There is never loss of consciousness.

Other times vertigo manifests itself in different ways: as a sensation of imbalance when walking, of falling to one side, that the ground is moving, and sometimes there are even attacks with falling to the ground. Deafness is the last thing to appear.

The condition resolves itself, spontaneously, without leaving any sequelae, but when repeated sporadically it can leave, in a residual way, a deafness for the low tones and if there are many outbreaks, the deafness can affect all tones, accompanied by constant tinnitus (ringing in the ears). The first thing that goes away is the vertigo and then the tinnitus.

In any case, there are many other clinical variations of the disease, although this is the most common form.

How is it diagnosed?

The clinical evolution is very important in the diagnosis.

On examination, the horizonto-rotatory nystagmus towards the side of the affected ear is characteristic, with alterations in balance tests.

In audiometries there is initially a fluctuating hearing loss and it is generally for low tones; in the second phase, deafness affects mid and high tones, and in the last phase and after years of evolution, hearing is affected in all tones.

In the intercritical period equilibrium tests are normal.

In any case, it should always be sought or discarded if there may be a treatable cause responsible for the process (such as infectious, vascular, etc.), through a good questioning of the patient, seeing their personal and family medical history, and making a complete physical examination.

Treatment of Meniere’s syndrome

Treatment during crises is to reassure the patient, bed rest in the dark, in silence and without sudden movements, which is the most effective; avoid tobacco, excessive food and drink, and reduce salt intake. If there is a known cause of the condition, it must be treated (eg treat the infection if it is of infectious origin).

Multiple drugs have been used such as vasodilators, antihistamines, diuretics, vitamin B, vestibular sedatives, antiemetics.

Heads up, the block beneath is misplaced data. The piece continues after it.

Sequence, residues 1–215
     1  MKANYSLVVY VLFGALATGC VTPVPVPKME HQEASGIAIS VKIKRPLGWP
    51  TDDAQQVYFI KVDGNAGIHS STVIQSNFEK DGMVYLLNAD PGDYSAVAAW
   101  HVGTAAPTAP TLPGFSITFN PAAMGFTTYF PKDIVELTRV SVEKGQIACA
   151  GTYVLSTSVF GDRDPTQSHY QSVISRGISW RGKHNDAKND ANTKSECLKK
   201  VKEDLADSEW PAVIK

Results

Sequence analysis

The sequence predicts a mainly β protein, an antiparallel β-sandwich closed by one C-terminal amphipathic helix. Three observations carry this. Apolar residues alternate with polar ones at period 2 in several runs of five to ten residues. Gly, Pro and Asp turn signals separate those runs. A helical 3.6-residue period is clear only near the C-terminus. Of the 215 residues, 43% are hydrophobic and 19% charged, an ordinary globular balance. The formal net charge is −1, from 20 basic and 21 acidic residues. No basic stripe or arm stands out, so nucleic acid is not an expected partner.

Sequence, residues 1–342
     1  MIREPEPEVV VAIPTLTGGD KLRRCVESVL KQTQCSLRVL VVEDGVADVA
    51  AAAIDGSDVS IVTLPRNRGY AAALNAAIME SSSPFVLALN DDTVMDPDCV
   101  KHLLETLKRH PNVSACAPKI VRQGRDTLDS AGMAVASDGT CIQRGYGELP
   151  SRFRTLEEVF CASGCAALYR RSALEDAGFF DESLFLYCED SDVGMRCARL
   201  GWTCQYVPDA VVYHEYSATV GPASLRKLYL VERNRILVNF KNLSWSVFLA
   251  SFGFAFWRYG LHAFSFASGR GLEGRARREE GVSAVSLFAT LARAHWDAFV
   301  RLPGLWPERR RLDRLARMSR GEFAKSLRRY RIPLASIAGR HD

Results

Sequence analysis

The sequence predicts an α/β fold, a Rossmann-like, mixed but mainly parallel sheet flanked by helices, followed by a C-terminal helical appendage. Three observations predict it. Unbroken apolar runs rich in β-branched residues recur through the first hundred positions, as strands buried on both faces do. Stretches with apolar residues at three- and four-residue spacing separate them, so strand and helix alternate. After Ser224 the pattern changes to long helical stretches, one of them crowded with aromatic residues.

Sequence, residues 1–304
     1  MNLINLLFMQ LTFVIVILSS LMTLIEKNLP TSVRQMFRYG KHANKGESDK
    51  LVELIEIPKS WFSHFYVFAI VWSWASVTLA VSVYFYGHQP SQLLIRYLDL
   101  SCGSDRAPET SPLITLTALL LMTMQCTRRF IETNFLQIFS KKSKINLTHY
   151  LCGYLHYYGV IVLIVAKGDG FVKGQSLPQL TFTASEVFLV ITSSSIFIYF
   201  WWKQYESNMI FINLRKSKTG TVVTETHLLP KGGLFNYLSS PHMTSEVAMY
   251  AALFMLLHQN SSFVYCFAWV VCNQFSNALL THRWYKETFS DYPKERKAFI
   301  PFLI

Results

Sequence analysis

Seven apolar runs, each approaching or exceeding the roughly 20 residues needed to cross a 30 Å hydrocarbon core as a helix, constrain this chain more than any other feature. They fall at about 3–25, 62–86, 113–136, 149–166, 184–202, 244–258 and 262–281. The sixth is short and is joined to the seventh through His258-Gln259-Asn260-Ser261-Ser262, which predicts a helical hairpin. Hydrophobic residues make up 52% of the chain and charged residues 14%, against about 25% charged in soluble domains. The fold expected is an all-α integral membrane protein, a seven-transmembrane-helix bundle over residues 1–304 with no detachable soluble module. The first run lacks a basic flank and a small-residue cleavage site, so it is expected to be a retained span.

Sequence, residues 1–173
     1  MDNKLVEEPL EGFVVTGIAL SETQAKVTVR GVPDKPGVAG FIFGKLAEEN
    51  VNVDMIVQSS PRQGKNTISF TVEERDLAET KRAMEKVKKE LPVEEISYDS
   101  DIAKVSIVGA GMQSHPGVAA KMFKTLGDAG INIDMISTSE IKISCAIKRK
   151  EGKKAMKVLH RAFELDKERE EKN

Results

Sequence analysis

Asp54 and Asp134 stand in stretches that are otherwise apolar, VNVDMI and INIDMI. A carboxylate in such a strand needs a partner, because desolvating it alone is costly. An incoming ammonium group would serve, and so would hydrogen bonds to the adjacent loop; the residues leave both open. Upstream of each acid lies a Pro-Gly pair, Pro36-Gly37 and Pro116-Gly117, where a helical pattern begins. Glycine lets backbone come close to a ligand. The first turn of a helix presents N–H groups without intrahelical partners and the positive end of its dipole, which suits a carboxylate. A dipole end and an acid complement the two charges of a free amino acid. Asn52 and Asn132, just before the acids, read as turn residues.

If the crisis persists, treatment with intravenous medication with antivertiginous and antiemetic drugs will be required.

The inter-crisis treatment is to avoid eating excesses and psychic tension, administering anxiolytics to reduce anxiety, and labyrinthine sedatives.

Surgical treatment is indicated when there is significant disability due to the frequency and intensity of the seizures and there is no response to medical treatment. There are different surgical procedures, such as surgery on the endolymphatic sac, in order to increase the reabsorption of endolymphatic fluid (it will be carried out in the initial stages, since it reduces crises and prevents the evolution to deafness).

Other surgeries are: the vestibular nerve section or neurectomy, which is used when crises are frequent and disabling, but it does not act on hearing; and lastly, if the patient already has manifest deafness and sustained buzzing, the complete destruction of the labyrinth or labyrinthectomy will be performed.

 

Website | + posts

Hello Readers, I am Nikki Bella a Psychology student. I have always been concerned about human behavior and the mental processes that lead us to act and think the way we do. My collaboration as an editor in the psychology area of ​​Well Being Pole has allowed me to investigate further and expand my knowledge in the field of mental health; I have also acquired great knowledge about physical health and well-being, two fundamental bases that are directly related and are part of all mental health.

Leave a Reply

Your email address will not be published.